Money is one of those topics that are absolutely necessary to talk about, but are extremely hard to do so. Whether you are discussing bills with your parents whom you live with or merely trust for advice, your roommate, or your spouse, it can be an uncomfortable topic and bring about negative feelings about finances. However, these negative feelings that creep up when money is mentioned are possible signs that there is something deeper to the awkwardness of the conversation, besides the point that you are sharing a very personal aspect of your life. Find out the different meanings these feelings can prove, as well as how to deal with them and how to use negative feelings about finances to your advantage.
Feeling Defensive About Financial Advice
When you receive financial advice, whether solicited or not, it is a normal reaction to feel offended and irritated. You wonder why the other person has the audacity to think they know how to run your life better than you. And you usually feel that the advice is irrelevant to your situation. For example, suppose your friend tells you that they think you should sell some of your antique collection to help you pay off bills and save money. Doesn’t your friend know how valuable those items are to you? Selling those items would be a terrible idea! Or would it?
Often times, defensive feelings point to a possible iota of truth to the other person’s suggestions. It is important to step back for a moment and think of the validity of others’ suggestions in a rational way. It is important to recognize the negative feelings about finances and retrain your thought. Here are some good questions to ask yourself when assessing these defensive thoughts.
- Why Is This Upsetting Me? Is it because you feel misunderstood or that the suggestion didn’t fit your situation?
- Is It Possible That You Are Missing The Point? Your friend probably was not really suggesting that you sell your antique collection. He or she may be suggesting finding possible ways to either cut your spending and/or increase your income.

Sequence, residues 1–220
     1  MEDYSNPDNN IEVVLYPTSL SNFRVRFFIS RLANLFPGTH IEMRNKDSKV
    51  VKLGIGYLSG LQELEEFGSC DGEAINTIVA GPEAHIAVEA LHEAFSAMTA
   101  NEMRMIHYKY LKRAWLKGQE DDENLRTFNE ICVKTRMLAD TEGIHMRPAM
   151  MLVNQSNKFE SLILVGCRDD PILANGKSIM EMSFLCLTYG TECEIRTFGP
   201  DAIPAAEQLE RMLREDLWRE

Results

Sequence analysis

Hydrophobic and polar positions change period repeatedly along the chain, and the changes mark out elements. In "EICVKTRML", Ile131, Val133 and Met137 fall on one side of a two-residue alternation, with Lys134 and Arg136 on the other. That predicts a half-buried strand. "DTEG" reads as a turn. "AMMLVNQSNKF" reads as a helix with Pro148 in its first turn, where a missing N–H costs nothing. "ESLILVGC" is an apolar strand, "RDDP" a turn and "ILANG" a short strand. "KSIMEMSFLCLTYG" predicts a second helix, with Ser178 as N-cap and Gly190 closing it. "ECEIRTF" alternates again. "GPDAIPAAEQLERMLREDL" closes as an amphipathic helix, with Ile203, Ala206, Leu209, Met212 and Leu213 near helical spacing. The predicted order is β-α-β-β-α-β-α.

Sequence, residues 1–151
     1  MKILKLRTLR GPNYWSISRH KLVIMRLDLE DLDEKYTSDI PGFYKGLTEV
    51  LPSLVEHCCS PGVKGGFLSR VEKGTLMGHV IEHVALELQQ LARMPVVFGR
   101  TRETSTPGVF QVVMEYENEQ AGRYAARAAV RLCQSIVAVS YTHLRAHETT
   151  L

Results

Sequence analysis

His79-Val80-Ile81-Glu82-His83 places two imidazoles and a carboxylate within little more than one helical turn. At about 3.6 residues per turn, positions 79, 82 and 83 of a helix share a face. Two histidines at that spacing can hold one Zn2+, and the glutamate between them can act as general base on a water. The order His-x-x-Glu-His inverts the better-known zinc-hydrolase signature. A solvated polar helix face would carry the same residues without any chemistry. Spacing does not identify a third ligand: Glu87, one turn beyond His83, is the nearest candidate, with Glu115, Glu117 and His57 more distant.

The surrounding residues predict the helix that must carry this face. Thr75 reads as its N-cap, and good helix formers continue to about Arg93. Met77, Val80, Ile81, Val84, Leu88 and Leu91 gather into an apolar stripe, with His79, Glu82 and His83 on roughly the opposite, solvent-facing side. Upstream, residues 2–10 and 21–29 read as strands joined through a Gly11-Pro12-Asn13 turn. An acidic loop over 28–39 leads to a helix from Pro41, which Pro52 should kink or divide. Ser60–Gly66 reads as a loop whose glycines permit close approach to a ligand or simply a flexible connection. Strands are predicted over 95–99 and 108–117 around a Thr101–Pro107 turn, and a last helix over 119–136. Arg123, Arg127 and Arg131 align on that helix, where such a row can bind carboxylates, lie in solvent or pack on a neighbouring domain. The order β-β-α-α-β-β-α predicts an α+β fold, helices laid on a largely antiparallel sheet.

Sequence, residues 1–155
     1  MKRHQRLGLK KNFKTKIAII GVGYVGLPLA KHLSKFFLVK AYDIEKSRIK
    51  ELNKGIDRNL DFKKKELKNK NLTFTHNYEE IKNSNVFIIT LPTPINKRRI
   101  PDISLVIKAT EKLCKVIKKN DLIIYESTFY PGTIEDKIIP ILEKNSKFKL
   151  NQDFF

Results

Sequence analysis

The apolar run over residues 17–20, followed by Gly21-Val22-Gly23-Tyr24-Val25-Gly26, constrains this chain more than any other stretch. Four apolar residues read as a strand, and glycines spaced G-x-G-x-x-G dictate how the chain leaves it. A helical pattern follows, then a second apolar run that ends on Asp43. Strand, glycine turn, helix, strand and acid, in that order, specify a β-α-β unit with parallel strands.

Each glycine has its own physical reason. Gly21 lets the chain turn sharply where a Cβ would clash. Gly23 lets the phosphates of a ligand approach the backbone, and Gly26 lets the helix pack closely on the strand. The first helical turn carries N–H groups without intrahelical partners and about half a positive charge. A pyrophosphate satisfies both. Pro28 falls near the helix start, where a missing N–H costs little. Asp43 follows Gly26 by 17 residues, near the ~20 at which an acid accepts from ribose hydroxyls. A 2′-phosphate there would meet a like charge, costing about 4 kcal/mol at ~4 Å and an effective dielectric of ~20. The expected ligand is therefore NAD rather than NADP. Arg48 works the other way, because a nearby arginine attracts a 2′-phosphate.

- Is There A Way This Could Actually Apply To Me? Take an honest look at your finances and see if there are areas where you could reduce your spending (such as on unnecessary antique item purchases, as in the above example), or finding ways to earn extra money, such as a second job.
Sometimes we as individuals depend too heavily on other peoples’ opinions of us. We are worried what they may think when they see us buying new clothes for ourselves or going on a much-needed vacation. However, what outsiders do not see is the sacrifice that is made in foregoing other pleasures in order to save up for the most precious ones. For instance, the outsider may see you as someone who spends above their means, but they do not realize that you have been eating bologna sandwiches every day for lunch for the past 6 months and setting that money aside to be able go to the upcoming concert.
Before you are quick to dismiss these negative feelings about finances and feelings of judgment, be sure the other person is not justified in coming to their decision. Ask yourself the following questions to assess whether or not you are faced with a know-it-all or with someone who might have the advantage of an outsider looking in.
- Does The Other Person Have All The Facts? Ask this question to determine whether or not the person is justified in their concern.
- Do I Trust Their Judgment? If you do, seriously consider their voiced opinion. If not, move on.
- Should I Give This Type Of Spending More Thought? It is wise to rethink your spending habits, particularly if it is an unusual purchase for you, whether in the amount or the type.
The stock market naturally waxes and wanes on a daily basis. It can also be expected to feel a surge of panic come over you when you see the stock market on the down turn. However, experts say that it is important to stay in the market for the long haul instead of bailing at every sign of a decline.
Some people sell at the slightest hint of a down turn. Others merely avoid looking at their portfolio. Both constitute negative feelings about finances, and neither is a wise choice in handling the uneasy feeling you get from this natural market event. Instead, use those negative feelings about finances you have to motivate you to invest. When the market is low and not doing as well, use that time to invest. Stock prices will be much lower at that time. Then when the market goes back up, you can either glean in the fact that you bought at such a great price, or choose to sell and make a nice profit for yourself.
Negative feelings about finances don’t have to be negative. Use them as a catapult to take action. Listen to those negative feelings and get to the root of the feelings. Not doing so will eventually lead to headaches. Avoid those headaches and listen to your gut instinct-it will never lead you in the wrong direction.